ASU School of Earth and Space Exploration celebrates 30 years of the Hubble Space Telescope
On April 24, 1990, aboard the space shuttle Discovery, NASA launched and deployed the most significant advance in astronomy to that point, the Hubble Space Telescope (HST). Over the last 30 years, HST has been integral to Arizona State University’s School of Earth and Space Exploration and the world, allowing scholars to study the cosmos and sharing the beauty and wonder of our universe.
The impact the HST made in helping us understand the universe was even greater than imagined, and NASA scientists knew it would to be a useful operation to maintain as long as possible.
Today, HST is one of NASA’s longest-running observatories. It has changed how we look to the stars and made discoveries we could never have imagined. Technological advances and upgrades to this telescope have transformed the way researchers have been able to capture images throughout the universe.
HST has not only answered some of the biggest unknowns about the universe, like determining its age (today it’s approximately 13.8 billion years old), it has also challenged planetary scientists, astronomers and astrophysicists to ask the biggest astronomical questions about the mystery of space.
The telescope has played a major role in providing both scientists and students at the School of Earth and Space Exploration research opportunities to study the relationship between galaxies and supermassive black holes, star formation, exoplanets and stellar evolution.
Scientists at ASU have been part of HST’s 30-year journey and continue to advance space telescope research, through both data collection and images. The implications and interpretation of HST's data have laid the groundwork for the James Webb Space Telescope, due to launch in 2021, that will further our understanding of the universe.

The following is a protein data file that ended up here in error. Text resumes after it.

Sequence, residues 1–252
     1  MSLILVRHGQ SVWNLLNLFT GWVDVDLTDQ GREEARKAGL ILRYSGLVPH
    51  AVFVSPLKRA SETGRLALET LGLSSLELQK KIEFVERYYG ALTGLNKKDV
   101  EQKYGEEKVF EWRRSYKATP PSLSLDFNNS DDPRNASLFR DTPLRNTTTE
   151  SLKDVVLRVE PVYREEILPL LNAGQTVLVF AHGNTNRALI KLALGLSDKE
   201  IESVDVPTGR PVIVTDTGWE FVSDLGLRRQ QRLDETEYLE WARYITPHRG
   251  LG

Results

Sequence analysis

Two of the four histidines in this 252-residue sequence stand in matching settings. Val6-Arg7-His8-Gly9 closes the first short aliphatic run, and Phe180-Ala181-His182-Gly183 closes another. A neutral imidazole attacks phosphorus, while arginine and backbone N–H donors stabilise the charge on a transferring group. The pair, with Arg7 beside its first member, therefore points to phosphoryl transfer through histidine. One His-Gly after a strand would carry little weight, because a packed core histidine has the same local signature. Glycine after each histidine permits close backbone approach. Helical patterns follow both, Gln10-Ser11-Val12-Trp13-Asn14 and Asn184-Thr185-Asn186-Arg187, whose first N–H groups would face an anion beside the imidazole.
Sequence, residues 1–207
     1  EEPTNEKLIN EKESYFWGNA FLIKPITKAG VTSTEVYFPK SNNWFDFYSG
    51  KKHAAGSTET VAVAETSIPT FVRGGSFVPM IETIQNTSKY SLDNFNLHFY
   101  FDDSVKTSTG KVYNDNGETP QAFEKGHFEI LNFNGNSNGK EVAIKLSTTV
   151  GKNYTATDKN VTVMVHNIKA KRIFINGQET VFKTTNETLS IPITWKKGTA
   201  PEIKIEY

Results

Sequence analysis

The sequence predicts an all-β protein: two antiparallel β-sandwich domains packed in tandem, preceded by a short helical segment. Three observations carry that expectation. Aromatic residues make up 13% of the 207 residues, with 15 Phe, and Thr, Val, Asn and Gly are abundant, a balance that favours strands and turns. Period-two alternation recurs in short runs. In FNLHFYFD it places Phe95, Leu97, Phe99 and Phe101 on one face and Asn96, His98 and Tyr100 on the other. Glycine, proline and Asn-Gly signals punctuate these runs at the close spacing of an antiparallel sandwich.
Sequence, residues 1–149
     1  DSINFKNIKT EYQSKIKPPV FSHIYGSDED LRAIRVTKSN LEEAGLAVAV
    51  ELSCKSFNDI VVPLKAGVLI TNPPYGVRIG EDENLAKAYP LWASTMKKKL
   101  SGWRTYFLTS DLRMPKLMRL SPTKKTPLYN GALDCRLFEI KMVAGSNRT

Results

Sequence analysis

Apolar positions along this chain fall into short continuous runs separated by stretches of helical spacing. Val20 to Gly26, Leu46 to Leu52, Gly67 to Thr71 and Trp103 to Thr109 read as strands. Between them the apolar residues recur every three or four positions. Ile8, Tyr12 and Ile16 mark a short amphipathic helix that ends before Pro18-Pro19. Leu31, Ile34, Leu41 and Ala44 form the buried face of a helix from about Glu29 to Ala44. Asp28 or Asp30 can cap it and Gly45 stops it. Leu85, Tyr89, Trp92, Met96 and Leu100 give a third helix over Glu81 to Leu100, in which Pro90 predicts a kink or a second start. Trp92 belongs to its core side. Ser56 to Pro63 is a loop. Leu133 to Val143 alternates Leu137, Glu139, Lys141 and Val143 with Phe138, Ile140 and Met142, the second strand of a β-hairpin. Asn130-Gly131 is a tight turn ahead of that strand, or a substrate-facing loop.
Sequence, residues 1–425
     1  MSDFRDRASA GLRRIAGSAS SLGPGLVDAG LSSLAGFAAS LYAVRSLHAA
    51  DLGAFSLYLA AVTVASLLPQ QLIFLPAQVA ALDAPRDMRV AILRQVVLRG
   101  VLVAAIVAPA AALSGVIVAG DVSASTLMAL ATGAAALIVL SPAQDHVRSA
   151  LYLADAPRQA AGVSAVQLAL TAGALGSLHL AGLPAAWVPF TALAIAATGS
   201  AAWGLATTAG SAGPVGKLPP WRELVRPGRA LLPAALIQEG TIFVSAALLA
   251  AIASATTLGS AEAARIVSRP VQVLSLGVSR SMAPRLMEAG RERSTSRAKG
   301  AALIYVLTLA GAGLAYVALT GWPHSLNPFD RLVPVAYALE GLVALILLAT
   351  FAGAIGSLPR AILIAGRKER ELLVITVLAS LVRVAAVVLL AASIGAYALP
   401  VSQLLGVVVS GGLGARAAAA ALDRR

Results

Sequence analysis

As HST celebrates its 30th anniversary, we highlight some of the discoveries made by scientists at ASU:
Hubble Ultra Deep Field, 2014. Credits: NASA, ESA, H. Teplitz and M. Rafelski (IPAC/Caltech), A. Koekemoer (STScI), R. Windhorst (ASU), Z. Levay (STScI).
The Central Region of the “Star Burst” spiral Galaxy NGC 3310. Credits: NASA, Rogier Windhorst (ASU), and the Hubble mid-UV team.
Crab Nebula. The Hubble image was created from HST data from proposal 8222: J. Hester and A. Loll (ASU), W. Blair and R. Sankrit (Johns Hopkins University), and P. Scowen (ASU). D. de Martin (skyfactory.org, Venice, Italy) also helped in the creation of this image.
Photo of Mars taken when the planet was 50 million miles from Earth on May 12, 2016. Credits: NASA, ESA, the Hubble Heritage Team (STScI/AURA), J. Bell (ASU), and M. Wolff (Space Science Institute).